Herbie Hancock (US jazz pianist, keyboardist, bandleader and composer)
Herbert Jeffrey Hancock, born in Chicago, IL, USA, is without doubt the most well known, controversial and influential of all jazz pianists.
Soon noticed by and involved with Miles Davis, Mr Hancock almost stormed the hardbop Blue Note 60's with a number of legendary sessions, from his (nearly) first record Takin' Off, to The Prisoner.
Recording with the new Mile's cats, he then took an important turn (around the time of Head Hunters), experimenting and mixing genres, thus drifting from his previous fan base expectations.
While the hardbop's crowd thought he was completely lost for the cause, he then took a radical U-turn, with the all-stars-all-jazz V.S.O.P.
He has since recorded and experimented in a lot of directions, exploring "sound textures" and touring with various bands.
Certainly a very complex personality, with an extensive discography.
Herbert Jeffrey "Herbie" Hancock (born April 12, 1940) is an American pianist, keyboardist, bandleader, composer and actor. Starting his career with Donald Byrd, he shortly thereafter joined the Miles Davis Quintet where Hancock helped to redefine the role of a jazz rhythm section and was one of the primary architects of the post-bop sound. He was one of the first jazz musicians to embrace synthesizers and funk music. Hancock's music is often melodic and accessible; he has had many songs "cross over" and achieved success among pop audiences. His music embraces elements of funk and soul while adopting freer stylistic elements from jazz. In his jazz improvisation, he possesses a unique creative blend of jazz, blues, and modern classical music, with harmonic stylings much like the styles of Claude Debussy and Maurice Ravel.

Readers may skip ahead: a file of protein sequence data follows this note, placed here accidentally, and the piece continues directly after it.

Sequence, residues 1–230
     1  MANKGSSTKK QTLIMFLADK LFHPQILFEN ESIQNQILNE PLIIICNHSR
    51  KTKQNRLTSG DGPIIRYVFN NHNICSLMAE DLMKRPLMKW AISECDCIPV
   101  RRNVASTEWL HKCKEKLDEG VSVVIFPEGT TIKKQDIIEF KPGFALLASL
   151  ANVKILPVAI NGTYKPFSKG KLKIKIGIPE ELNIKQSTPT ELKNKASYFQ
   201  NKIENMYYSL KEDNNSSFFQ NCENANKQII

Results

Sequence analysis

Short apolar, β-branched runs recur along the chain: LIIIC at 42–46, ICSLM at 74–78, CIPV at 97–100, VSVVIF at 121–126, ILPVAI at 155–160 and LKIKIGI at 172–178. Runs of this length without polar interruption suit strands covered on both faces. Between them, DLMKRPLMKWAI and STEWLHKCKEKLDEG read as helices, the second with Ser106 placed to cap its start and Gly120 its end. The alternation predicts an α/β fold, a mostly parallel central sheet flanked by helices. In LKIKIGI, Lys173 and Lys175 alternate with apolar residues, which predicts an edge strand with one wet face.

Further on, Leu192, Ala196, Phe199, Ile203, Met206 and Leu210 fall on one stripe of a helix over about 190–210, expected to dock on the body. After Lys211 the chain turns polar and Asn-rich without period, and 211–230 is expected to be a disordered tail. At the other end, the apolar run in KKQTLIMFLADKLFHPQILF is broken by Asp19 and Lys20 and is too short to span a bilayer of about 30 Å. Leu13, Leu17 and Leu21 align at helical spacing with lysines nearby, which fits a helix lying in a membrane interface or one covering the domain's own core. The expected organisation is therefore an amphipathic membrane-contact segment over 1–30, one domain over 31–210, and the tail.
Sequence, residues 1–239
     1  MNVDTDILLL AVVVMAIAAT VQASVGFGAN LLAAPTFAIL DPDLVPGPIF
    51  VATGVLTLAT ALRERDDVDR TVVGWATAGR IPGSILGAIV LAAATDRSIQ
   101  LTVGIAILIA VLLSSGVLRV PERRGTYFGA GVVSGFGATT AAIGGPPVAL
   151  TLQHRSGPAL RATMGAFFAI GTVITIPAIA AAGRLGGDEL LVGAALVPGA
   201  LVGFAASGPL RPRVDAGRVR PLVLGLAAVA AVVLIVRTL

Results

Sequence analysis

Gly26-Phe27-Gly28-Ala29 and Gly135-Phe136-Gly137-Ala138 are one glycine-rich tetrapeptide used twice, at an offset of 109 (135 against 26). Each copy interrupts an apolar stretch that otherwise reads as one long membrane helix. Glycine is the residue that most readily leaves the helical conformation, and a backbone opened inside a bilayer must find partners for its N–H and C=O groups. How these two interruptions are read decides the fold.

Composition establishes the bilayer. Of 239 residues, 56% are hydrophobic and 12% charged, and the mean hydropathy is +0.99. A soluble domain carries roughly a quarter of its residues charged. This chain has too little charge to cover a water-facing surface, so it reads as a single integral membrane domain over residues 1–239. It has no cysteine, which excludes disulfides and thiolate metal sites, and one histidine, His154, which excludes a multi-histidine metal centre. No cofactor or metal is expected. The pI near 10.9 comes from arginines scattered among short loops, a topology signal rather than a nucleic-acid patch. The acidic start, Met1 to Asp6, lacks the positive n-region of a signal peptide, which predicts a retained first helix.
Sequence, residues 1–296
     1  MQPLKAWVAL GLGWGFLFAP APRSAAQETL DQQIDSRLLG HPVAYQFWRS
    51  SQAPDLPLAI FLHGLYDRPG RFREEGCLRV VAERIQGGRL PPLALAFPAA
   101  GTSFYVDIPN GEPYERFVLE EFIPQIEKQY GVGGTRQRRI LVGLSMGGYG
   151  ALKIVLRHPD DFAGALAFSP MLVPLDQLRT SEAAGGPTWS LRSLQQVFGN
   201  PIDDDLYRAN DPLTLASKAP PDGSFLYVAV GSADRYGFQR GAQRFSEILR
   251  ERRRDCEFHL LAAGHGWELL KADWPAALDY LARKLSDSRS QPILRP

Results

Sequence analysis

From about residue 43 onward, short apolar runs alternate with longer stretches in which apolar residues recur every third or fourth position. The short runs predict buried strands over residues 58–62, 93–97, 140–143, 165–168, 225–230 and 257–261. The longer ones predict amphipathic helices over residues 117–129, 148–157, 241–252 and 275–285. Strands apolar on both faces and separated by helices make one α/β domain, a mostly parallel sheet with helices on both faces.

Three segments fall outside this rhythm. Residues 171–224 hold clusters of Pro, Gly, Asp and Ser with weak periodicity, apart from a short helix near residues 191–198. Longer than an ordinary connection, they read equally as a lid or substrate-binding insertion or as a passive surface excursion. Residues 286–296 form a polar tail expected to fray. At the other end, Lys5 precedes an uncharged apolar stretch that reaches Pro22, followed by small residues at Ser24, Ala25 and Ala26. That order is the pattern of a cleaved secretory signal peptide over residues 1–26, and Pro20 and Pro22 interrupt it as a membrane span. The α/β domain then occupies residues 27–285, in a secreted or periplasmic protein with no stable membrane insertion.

Hancock's best-known compositions include "Cantaloupe Island", "Watermelon Man" (later performed by dozens of musicians, including bandleader Mongo Santamaría), "Maiden Voyage", "Chameleon", and the singles "I Thought It Was You" and "Rockit". His 2007 tribute album River: The Joni Letters won the 2008 Grammy Award for Album of the Year, only the second jazz album ever to win the award, after Getz/Gilberto in 1965.
Hancock practices Nichiren Buddhism and is a member of the Buddhist association Sōka Gakkai International. As part of Hancock's spiritual practice, he recites the Buddhist chant Nam Myoho Renge Kyo each day. In 2013, Hancock's dialogue with Wayne Shorter and Daisaku Ikeda on jazz, Buddhism and life was published in Japanese.